“Where I am now, I’m sitting in the house, and I’m warm and comfortable. I love the home. I feel every essence that I felt when I first walked in here, it will still be my grandmother’s house and I still feel very connected to it.”

She reveals that she basically had to gut the house.

“When I took all of the furniture out and all of the memorabilia and everything like that, I was left just looking at orange carpet and pink wallpaper, and you start to realise ‘there’s very little that I can give back to the original time of 200 years ago’.

"Because people had very little back then and these houses were meant for labourers, they were very simple houses,” she adds.

Maryrose is the middle of three children and her boyfriend has now moved into the house with her.

“My grandmother and grandfather were business people in the town,” she explains.

“People have questions about what happened to all the other furniture. It’s basically looked after, but that’s a whole other project in itself. You spend thousands like repairing something, to give it the life it deserves and the story that it deserves.”

Maryrose runs her own unusual company, Ladybug, which provides presents for women during their ‘time of the month’, with a subscription of €9.99 including postage.

“I started the business about seven years ago and at that time I suppose periods were not really widely talked about.

"But the world has come on greatly and I was delighted to be part of a first conversation. As in order to push it into the media, to, I suppose, change that tide a little bit and acknowledge that periods are not taboo, we should speak more often about what’s happening to half the population of the world, and it’s something that should be celebrated.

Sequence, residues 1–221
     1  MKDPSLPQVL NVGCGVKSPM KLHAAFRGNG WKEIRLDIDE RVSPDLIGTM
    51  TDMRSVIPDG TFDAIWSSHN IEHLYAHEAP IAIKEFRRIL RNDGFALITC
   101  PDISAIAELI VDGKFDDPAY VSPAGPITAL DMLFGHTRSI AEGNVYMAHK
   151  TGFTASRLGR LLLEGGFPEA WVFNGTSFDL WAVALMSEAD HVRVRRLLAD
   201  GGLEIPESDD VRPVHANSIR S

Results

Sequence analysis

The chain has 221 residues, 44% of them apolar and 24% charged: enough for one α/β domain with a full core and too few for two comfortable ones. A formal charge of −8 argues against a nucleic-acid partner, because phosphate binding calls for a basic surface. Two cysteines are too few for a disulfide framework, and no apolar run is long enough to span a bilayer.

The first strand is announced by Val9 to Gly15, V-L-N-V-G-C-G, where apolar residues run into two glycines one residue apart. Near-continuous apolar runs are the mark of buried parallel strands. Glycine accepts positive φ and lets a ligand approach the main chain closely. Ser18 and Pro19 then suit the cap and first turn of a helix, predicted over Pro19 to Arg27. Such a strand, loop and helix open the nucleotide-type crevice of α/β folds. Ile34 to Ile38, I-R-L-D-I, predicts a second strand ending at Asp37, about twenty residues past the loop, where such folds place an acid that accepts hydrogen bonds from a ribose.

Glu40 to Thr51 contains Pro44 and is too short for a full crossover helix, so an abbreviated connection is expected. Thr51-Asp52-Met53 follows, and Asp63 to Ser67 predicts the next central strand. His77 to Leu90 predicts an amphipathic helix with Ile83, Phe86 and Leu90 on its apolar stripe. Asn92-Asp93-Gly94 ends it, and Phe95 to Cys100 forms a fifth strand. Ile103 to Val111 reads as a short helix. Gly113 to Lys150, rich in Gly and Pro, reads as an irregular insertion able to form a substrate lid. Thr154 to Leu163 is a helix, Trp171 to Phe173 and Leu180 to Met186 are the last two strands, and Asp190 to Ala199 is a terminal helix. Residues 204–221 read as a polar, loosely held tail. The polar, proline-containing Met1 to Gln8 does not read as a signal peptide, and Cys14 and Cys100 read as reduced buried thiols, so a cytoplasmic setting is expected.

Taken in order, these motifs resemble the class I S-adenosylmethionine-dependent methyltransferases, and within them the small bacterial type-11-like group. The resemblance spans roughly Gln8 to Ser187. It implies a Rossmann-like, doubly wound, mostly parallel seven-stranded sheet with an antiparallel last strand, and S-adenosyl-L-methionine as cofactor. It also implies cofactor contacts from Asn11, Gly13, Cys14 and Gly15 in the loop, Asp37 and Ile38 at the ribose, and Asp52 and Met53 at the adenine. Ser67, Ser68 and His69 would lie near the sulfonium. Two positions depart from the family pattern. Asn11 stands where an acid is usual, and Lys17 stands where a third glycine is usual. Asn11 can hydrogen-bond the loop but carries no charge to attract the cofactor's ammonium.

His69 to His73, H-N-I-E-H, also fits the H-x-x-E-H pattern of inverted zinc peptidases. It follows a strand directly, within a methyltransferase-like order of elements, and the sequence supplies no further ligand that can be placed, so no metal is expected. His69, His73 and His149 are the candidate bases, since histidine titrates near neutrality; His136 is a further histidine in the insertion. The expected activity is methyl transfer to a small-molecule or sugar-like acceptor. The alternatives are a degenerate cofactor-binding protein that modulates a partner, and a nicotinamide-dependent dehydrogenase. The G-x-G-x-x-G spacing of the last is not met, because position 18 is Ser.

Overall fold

“In the last couple of years I think there are two companies in Ireland which have set up something similar, which is great to see, as again it was a place that had very little innovation or spotlight on it. And I’m delighted to see that, and maybe I even encouraged other people to start that business or other businesses.

“A month before I launched my business a company in the US started, but I think they are gone now. They were called We Flow. Then a French company started about a month later. I thought wasn’t it great that three entrepreneurs in a global kind of eyeline all had the same idea.”

She now delivers to over 23 countries worldwide.

“In your subscription you get the products you choose from the website, so you can pick between tampons and pads, then you have a selection of bamboo, cotton, or Always tampax brand. As an added extra I add chocolates and herbal tea just to have a bit of niceness for something isn’t always 100% welcome,” she smiles.

As well as working for Shopify, Maryrose has built up over 270,000 followers on TikTok.

“In the past couple of years I documented my house renovations, so that’s done well. Before that I started documenting my life, or showing the work from the home environment I do and just doing videos or daily blogs. I wouldn’t say I have a particular niche, it’s just the Maryrose channel, I have a lot of interests,” she maintains.

As a resident of Stradbally she is also excited about Electric Picnic returning to the town.

I was very young when it came to Stradbally, it's there 15 or 16 years,” she recalls. “It’s great for the town and I would be in support of it. We did have concerns about it last year. My mam owns the local newsagent's and she had concerns. This year it seems like the right year to bring it back and everyone is in a better place. We are delighted to see it come back.”

*The Great House Revival is available on the RTÉ Player, and is on Sunday evenings on RTÉ 1 at 9.30pm.